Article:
“Wait!” Jed called. “Look!” He pointed down to our right.
Cutting through the forest a road appeared. It was only two lanes, but at the moment it was fairly straight. We were dropping fast. Jed banked to follow the pavement as it snaked through the trees.
“Go into the back and hang on to something,” he said firmly. “This is going to be messy.”
Maxwell and I did as we were told. Frantically we searched to find some straps and rope to tie ourselves to the fuselage. With the ground coming up very fast there was very little time to prepare. We sat down, grabbed hold of the frame, and prayed.
“Here it comes!” Jed yelled.
A deafening tearing sound echoed through the plane as the wings clipped the pines lining the road. The sound of prizefighters working the speed bag screamed though the plane just a second before we hit the highway. The impact slammed me against the floor, but I still managed to hang on.
Suddenly we were in the air again and a feeling of weightlessness came over us. Before we could adjust to it the plane pounded the ground a second time. Again we were thrown violently against both the floor and the walls. I hung on and tried to keep my head clear.
The right wing tore off the plane with a withering ripping sound after we hit the roadway the second time. We lurched crazily to the right and screeched along the asphalt with the left wing out in front. A shower of sparks swarmed around the plane.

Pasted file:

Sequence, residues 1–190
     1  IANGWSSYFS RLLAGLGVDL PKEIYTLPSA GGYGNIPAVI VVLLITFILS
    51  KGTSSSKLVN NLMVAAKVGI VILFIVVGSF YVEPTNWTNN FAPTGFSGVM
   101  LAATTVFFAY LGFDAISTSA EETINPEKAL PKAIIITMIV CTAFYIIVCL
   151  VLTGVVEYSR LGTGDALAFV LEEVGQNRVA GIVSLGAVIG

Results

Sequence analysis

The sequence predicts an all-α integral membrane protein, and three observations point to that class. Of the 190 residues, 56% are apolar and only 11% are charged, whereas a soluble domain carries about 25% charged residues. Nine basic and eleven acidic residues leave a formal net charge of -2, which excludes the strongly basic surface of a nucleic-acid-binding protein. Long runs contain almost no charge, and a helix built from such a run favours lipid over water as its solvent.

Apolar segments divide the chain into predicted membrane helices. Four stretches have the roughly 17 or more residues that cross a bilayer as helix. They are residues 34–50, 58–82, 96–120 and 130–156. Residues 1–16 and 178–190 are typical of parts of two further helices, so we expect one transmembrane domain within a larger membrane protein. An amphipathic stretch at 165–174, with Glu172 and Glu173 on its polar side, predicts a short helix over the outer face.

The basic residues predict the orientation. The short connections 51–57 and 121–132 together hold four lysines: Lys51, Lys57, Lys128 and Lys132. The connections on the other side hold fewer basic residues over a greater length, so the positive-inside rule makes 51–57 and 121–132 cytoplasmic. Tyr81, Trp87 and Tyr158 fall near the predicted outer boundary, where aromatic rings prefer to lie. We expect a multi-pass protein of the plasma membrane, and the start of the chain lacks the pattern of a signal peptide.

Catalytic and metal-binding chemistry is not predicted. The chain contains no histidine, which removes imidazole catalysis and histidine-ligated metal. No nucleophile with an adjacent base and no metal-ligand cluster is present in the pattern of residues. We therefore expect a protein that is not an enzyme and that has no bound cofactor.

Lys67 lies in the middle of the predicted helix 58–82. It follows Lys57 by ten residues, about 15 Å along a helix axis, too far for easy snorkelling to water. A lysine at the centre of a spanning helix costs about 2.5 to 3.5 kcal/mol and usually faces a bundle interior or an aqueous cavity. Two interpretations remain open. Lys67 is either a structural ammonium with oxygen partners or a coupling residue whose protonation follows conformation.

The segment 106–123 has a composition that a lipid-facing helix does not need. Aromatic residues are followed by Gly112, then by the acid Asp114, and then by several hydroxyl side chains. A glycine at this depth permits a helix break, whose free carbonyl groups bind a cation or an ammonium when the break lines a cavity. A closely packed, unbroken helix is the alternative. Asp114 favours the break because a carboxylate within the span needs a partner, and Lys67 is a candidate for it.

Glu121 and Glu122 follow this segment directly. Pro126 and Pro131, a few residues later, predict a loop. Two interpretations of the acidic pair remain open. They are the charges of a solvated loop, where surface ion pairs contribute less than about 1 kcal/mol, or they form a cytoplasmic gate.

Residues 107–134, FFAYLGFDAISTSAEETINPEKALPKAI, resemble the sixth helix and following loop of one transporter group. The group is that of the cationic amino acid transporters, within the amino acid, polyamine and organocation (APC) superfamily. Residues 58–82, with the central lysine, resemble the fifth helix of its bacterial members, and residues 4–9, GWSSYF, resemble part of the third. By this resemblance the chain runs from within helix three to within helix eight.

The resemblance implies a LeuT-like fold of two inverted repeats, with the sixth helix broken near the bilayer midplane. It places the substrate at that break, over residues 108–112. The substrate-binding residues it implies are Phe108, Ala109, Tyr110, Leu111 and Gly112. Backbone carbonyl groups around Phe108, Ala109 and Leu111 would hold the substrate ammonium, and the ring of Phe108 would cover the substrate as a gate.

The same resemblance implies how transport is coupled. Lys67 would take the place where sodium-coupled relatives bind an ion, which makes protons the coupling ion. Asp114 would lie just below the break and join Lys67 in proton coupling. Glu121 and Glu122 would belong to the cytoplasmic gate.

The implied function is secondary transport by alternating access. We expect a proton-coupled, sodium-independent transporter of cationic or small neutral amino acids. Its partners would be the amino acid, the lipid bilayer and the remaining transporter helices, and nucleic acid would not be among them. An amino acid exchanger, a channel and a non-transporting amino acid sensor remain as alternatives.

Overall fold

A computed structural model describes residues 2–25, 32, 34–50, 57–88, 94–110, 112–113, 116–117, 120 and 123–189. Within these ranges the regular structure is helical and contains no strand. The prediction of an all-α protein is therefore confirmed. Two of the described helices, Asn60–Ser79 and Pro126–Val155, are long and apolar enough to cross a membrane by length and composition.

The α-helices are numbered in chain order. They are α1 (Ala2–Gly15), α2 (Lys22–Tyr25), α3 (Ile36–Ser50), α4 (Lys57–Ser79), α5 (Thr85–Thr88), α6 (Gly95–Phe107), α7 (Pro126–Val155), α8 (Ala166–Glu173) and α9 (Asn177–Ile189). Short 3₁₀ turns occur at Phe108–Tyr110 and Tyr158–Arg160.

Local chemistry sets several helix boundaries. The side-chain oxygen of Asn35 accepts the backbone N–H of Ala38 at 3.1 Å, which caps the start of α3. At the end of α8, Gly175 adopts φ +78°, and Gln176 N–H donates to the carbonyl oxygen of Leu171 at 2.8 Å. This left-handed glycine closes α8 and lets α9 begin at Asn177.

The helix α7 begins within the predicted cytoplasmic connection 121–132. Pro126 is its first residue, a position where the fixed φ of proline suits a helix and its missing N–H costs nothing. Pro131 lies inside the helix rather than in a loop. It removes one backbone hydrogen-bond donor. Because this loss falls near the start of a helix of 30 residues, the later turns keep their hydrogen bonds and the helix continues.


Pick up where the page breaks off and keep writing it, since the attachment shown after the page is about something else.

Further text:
Trees flew by the open door as Maxwell and I tried to tighten our death grip on the interior of the fuselage. We continued to careen out of the control for what seemed like a very long time. Suddenly the left wing cracked with a loud roar. A second later the end of it pitched up and crashed onto the roof. The ceiling dented but held.
We were bombarded with a terrifying metal screech. My ears rang. Then suddenly after a lifetime of noise and horror compressed into a few seconds it everything became silent. My body still felt like it was moving, but miraculously what was left of the plane had come to a stop. No one spoke.
Clouds of dust and smoke billowed through the fuselage. Both of the main wings were gone and I imagined that the tail section was too. The ceiling and side were crushed and dented, but for the most part our metal tube had held.
Slowly the air began to clear. Across from me Maxwell lay silently against the wall. Before trying to get up to go to him I began to check if I was still in one piece. Before I’d gotten very far I heard a voice from the cockpit.
“Anybody back there,” Jed coughed. His voice was surprisingly strong.
“Yeah,” I gasped, “I’m here.”
I looked again across the rubble at Maxwell. He moved.
“Brix!” I called.
Slowly his eyes opened and he began to focus. After a couple of deep breaths he rubbed his face. “Best damn movie special effects I’ve ever seen,” he said as he struggled to his feet.
After a while the air cleared and we heard pounding on the side of what was left of the plane. The three of us stumbled to the door. Several cars were stopped having been blocked by the wreckage. People had climbed up the side of the demolished plane trying to get to us. Willing arms helped us climb out of the debris.